The Schroeder lab at UT Southwestern is hiring a postdoctoral fellow to study divergent cytoskeletal proteins that are mis-expressed in cancer.
Cytoskeletal proteins perform many fundamental roles, including cell motility, cargo transport and cell division. Given their essentiality, cytoskeletal proteins are conventionally thought to be conserved throughout eukaryotic evolution, yet we have found many cytoskeletal genes are rapidly evolving even between closely related species and adapted novel biological functions. We recently showed a few play important roles in fertility and development in flies, and a subset of these proteins in humans are mis-expressed in cancer. Although there are many divergent cytoskeletal proteins across phyla, they have been largely ignored most likely due to their lack of deep evolutionary roots. We combine evolutionary analyses, cell biology, genetics and biochemistry to understand the causes and consequences of cytoskeletal diversification and their impacts in fertility, development and cancer. Please see https://www.theschroederlab.org for more information.
Most divergent cytoskeletal proteins we find in mammals are testis-specific in expression with unexplored functions. A subset of these proteins in humans have significant gene amplifications and mutations in a number of cancers, and their expression consistently correlates with reduced survival time. The candidate will use evolutionary analyses, cell biology, genetics and biochemistry to understand how cytoskeletal diversification in the male germline is exploited in cancer and test how these proteins may endow cancerous cells with increased proliferative and migratory activity.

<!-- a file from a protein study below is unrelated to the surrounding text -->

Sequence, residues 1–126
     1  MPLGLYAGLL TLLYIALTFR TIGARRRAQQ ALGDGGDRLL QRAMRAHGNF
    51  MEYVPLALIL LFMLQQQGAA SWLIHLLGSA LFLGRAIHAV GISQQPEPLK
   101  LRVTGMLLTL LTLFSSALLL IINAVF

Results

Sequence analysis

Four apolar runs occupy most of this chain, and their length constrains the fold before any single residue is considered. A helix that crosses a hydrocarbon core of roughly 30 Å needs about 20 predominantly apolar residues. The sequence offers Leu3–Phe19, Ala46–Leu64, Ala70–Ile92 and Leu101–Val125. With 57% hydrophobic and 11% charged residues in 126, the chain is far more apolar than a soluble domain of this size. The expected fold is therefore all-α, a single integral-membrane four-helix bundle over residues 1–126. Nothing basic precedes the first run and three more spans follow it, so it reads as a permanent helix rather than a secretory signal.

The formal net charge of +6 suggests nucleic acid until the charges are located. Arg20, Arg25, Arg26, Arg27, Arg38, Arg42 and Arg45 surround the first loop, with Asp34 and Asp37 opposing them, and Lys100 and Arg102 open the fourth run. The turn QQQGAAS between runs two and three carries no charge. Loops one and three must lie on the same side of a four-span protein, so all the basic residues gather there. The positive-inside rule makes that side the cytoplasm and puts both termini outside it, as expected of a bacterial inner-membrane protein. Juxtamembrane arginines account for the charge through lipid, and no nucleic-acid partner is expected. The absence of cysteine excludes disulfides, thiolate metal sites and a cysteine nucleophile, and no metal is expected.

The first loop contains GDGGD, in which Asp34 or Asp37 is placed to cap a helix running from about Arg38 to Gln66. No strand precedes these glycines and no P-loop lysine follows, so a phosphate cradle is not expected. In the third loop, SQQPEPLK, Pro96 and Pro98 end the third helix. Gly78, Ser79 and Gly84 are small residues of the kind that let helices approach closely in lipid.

The candidate will benefit from the diverse and scientifically creative environment at UT Southwestern and can take advantage of the many cutting-edge core facilities offered, including live cell imaging, electron microscopy, and high throughput screening.
The ideal candidate values honesty, persistence, scientific curiosity, and a diverse lab environment. Candidates must have a PhD (received or forthcoming) in molecular biology, cell biology, biochemistry, or a related field and have an interest in the cytoskeleton and cancer. The proposed project entails tissue culture work and a minimal amount of work with mice. Although some experience with tissue culture and mice is preferred, it is not required. The candidate will be encouraged to apply for independent funding.
Please email Courtney Schroeder (CourtneyM.Schroeder@utsouthwestern.edu) the following:
1. Cover letter describing your interest in the position
3. Most important publication(s) from your PhD work
4. Contact info for 3 references
Deadline: Dec. 20